The path from the discovery of a gene involved in mental retardation (MR) to understanding the mechanism of its functions often follows a similar process requiring each of the specialties of the sub cores. Following the initial identification of the responsible gene, a mouse knock in and/or knock out model is generated. If human disease causing mutations are known, transgenesis of these mutations may be used to determine whether similar etiology may be inferred from the mouse model. In parallel with the other research activities, each of the gene expression sub cores are engaged in the sequential process of discovery. In situ hybridization is used to determine the normal distribution pattern of RNA from the gene, particularty in the mouse brain. The in situ core is able to provide comprehensive analysis of the normal, knock out or transgenic mouse brain RNA distribution pattern in a format that allows precise comparison with the distribution pattern of other known genes. Since the in situ core produces data and images that are directly comparable with the major mouse atlases currently being made available to researchers, the overall data resource is robust and rapidly expanding. Detailed analysis of the pathology of the knockout or transgenic mouse brain is supported by the neuorpathology core. Here brain and other tissue samples are examined by specialists using conventional histology and immunohistochemistry often leading to a detailed understanding of the specific abnormalities. The confocal microscopy core facilities are used to prepare physically and/or optically sectioned samples used to study protein distribution, to compare normal and abnormal patterns of distribution, to determine whether other proteins are affected by the gene and to study the three dimensional distribution of the gene product. Very often the linear pattern of discovery described is an extreme oversimplification and the actual process is iterative because the results of one core both inform and are informed by the results of another. This is one of the key benefits of engaging the several cores in long term collaborative arrangements. Among the long term studies relevant to IDD that have benefited from the above processes through the BCM-IDDRC gene expression core are Rett Syndrome (Zoghbi lab), forms of Fragile X (Nelson lab), and Angelmen syndrome (Beaudet lab), SCA1 (Zoghbi, Bellen, Botas labs). As an example, alteration of the MeCP2 gene as the primary genetic basis of Rett syndrome was discovered by the Zoghbi laboratory in 1999 following more than a decade of collaborative work on the disease spanning many disciplines including clinical observations, pathology, analysis of behavior and molecular biology (1) . Throughout this period the pathology core provided invaluable support through histology, identification and analysis. More recently, the confocal microscopy core and the in situ core have come to play a significant role in studying the relationship of MeCP2 to other proteins, the effects of X linkage in Rett and the mechanisms of Mecp2 function. Work during the current grant period has gradually been unraveling individual components of the wide range of abnormalities associated with Rett but has focused particularly upon aspects of the disease that may be susceptible to remediation. Unusual susceptibility to stress is a hallmark of Rett syndrome and an elevated stress response is also present in mice models with an truncated MeCP2 transgene (2) . In support of the Zoghbi lab' efforts to study the stress response of these mice the in situ core provided histology and statistical analysis demonstrating that the CrH gene is elevated in regions of the brain associated with corticosteroid release (2) . Continuing with this information, the Zoghbi laboratory found that regulatory elements of the CrH promoter region interact directly with MeCP2 but do not bind the MeCP2(308) truncated gene. Using a Cre-loxP technology, MeCP2 was then eliminated exclusively from Sim-1 expressing hypothalamic cells reproducing the abnormal stress response found in mice lacking MeCP2(3) . Results from the In situ core and confocal microscopy core were then used to determine that these conditional knock out mice have reduced expression of MeCP2 in the same stress response associated regions in which MeCP2 is under-expressed in Mecp2 (308) mice and that stress response related genes such as glucocorticoid-inducible kinasel and FK-506-binding protein are mis-regulated in the Mecp2 null brain. The potential for accurate clinical diagnosis is complicated in X-linked diseases such as Rett because X chromosome inactivation (XCI) may be skewed by genetic and epigenetic factors to mask phenotypic expectations. Work by the Zoghbi laboratory, motivated by prior clinical evidence of imbalanced XCI in some human Rett patients and high phenotypic variability in some mouse models of Rett, employed the confocal core facilities for detailed analysis of XCI at the cell and tissue levels in Mecp2 (308) mice (4) . Using an antibody that recognized wild type MeCP2 but not MeCP2(308) together with antibodies that recognize specific neurons, it could be shown that XCI is skewed throughout the brain in Mecp2(308)/X mice and that in Mecp2(308) mice the degree of skewing toward the wild type genetic background observed at the cellular and tissue level was inversely correlated with the penetrance of mutant phenotypes. The importance of precise regulation of Mecp2 expression was explored in studies comparing neuronal function in mouse neurons where MeCP2 is over-expressed or under-expressed (5) . In this study the confocal microscopy core equipment was used to correlate synapse density with synapse function and to confirm that MeCP2 is involved in early postnatal synaptogenesis and maintenance of glutamatergic neurons in vitro and in vivo. This work has important implications because it provides evidence for the early role of synaptogenesis in IDD generally and because it offers another avenue for therapeutic intervention.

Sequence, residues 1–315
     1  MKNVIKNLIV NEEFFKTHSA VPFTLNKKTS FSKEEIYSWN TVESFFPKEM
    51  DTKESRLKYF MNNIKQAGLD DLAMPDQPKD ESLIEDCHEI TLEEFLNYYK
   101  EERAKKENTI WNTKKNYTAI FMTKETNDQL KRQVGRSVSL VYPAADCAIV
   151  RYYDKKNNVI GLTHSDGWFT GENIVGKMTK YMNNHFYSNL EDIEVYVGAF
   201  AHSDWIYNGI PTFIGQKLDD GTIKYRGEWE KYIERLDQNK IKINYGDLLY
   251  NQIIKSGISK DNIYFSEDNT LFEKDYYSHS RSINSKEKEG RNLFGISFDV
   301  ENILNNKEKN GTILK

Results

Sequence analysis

National Institute of Health (NIH)
Eunice Kennedy Shriver National Institute of Child Health & Human Development (NICHD)
Center Core Grants (P30)
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Baylor College of Medicine